Who Was William LaRue Weller?

Long before there was a highly sought-after wheated whiskey named for him, William LaRue Weller was a whiskey rectifier who, ironically, didn’t even drink.  He had fought in the Mexican War alongside Zachary Taylor after he was orphaned in a Typhus epidemic as a child that wiped out most of the Weller family in LaRue County, Kentucky.  Typhus spread easily through the underground limestone aquifers where most people got their water.

As his business grew, Weller hired Alex T. Farnsley and Julian P. Van Winkle as salesmen for his rectified products.  The pair would later buy the business from Weller’s sons after W.L.’s death in 1896.

Weller never sold a wheated bourbon- that’s a recipe that was developed after Prohibition nearly 30 years after his death.  Instead he bought his whiskey from the Stitzel brothers, who later sold whiskey to Farnsley and Van Winkle after they bought W.L. Weller and Sons.  Van Winkle, Farnsley, and the Stitzel brothers merged their businesses after Prohibition was over to form Stitzel-Weller Distillery in Shively.  The trio developed the wheated whiskey because they thought it would taste better at a younger age.

Weller was never hugely successful, but he made some major contributions to the city of Louisville.  He was one of the founding members of the Baptist Orphan Home, serving on the board for a significant portion of his life.  He was the person who interviewed prospective adoptive parents to be sure the children would be going to a good home.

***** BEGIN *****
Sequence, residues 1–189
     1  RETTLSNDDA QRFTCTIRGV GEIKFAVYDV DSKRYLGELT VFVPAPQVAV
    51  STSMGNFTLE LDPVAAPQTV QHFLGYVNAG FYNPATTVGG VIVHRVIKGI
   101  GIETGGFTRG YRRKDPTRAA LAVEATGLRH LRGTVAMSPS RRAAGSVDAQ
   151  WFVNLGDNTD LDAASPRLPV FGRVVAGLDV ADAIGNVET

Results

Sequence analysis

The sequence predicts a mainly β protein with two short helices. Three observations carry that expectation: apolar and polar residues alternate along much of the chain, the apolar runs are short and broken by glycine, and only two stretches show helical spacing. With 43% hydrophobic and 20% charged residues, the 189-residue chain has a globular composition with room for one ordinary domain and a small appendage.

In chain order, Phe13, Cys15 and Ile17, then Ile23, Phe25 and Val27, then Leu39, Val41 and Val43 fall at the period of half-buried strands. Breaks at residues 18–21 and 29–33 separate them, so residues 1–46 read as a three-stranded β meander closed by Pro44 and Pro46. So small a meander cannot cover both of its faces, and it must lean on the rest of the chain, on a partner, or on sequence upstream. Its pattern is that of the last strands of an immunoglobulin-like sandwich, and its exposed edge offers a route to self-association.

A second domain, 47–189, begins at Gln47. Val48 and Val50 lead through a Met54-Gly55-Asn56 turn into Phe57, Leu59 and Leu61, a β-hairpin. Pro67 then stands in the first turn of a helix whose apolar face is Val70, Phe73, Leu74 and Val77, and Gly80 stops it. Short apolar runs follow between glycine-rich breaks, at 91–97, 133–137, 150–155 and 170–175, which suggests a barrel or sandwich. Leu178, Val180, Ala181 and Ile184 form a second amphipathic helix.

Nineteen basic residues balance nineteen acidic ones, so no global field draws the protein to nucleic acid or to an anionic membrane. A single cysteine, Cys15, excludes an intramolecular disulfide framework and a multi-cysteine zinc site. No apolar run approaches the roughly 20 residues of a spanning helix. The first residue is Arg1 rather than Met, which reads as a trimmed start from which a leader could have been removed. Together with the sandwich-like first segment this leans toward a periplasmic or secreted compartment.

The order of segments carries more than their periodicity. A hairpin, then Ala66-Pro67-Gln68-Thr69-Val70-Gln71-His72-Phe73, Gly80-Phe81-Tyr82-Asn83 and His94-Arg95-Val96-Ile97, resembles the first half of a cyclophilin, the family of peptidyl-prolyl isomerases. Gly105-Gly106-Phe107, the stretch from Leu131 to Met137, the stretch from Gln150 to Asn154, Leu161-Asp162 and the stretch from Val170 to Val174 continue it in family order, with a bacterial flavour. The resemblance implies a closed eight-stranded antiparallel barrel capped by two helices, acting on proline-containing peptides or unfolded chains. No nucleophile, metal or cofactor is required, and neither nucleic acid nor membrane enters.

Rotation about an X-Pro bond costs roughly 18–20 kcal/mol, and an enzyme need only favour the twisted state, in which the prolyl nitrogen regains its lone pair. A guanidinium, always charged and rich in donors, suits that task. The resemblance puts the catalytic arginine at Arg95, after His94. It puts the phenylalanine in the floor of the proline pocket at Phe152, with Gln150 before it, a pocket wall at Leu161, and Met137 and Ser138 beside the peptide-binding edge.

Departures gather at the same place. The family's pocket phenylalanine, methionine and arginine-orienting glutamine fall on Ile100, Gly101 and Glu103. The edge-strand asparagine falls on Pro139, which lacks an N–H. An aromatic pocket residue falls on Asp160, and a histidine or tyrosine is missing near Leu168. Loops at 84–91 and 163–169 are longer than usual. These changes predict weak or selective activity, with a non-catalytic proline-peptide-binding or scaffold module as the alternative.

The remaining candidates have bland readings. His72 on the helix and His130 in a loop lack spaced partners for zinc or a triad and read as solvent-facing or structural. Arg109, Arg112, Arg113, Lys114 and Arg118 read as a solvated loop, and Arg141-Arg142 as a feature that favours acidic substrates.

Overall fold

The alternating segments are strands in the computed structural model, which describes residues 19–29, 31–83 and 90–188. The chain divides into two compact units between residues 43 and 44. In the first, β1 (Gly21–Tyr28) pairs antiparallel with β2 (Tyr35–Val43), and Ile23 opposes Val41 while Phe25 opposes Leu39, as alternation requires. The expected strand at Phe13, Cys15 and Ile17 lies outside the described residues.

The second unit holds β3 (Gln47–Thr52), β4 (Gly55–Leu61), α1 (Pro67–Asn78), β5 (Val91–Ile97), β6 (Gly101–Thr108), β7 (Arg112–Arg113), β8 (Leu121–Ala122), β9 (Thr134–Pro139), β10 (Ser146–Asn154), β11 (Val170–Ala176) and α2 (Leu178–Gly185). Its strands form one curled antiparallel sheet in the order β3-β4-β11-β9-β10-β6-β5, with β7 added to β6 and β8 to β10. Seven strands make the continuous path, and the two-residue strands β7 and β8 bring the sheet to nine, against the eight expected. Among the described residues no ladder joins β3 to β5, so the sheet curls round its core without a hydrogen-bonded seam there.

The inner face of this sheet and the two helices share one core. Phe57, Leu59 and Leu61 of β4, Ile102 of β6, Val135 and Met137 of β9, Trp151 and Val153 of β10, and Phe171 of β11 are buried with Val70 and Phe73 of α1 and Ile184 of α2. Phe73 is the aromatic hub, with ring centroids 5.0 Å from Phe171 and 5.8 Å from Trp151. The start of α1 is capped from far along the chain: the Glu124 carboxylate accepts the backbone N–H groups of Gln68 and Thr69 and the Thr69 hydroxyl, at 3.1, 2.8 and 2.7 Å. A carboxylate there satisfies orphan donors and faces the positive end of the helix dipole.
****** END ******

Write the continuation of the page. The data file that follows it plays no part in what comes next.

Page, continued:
W. L. Weller was a pioneer in the bourbon industry in Kentucky, and his mentoring of Alex T. Farnsley and Julian P. Van Winkle was probably his longest lasting contribution to the bourbon industry.

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Photos Courtesy of Maggie Kimberl


  1. You mentioned that William LaRue Weller was orphaned as a child. His parents Samual and Pheobe LaRue died in 1954. William is 29 year old at the time and had already served in the Mexican/American War.


    • Hey Jerry,

      Thanks for your comment! You’re talking about a completely different generation. This post is about the first William LaRue Weller. I think at this point there are five or six William LaRue Wellers from different generations? I’ve met the fifth.


      • I am also speaking of the First William LaRue Weller, (1825-1899). He was named after his maternal grandfather William LaRue. I also met the fifth. He is a character.


      • Hm, well keep in mind I wrote this two years ago, but from what I remember he was orphaned and shuffled through family members and even had to leave his education in Louisville because there was no one to pay for it anymore and he had to get to work. But I will have to check into this now to be sure I’ve got these details correct – I refer to this frequently!


  2. You are describing E. H. Taylor Jr, who was sent off to the his great uncle General Zachary Taylor in Louisana and then to an Uncle E H Taylor, from whom E. H. Taylor Jr would take his name with the permission of his uncle.


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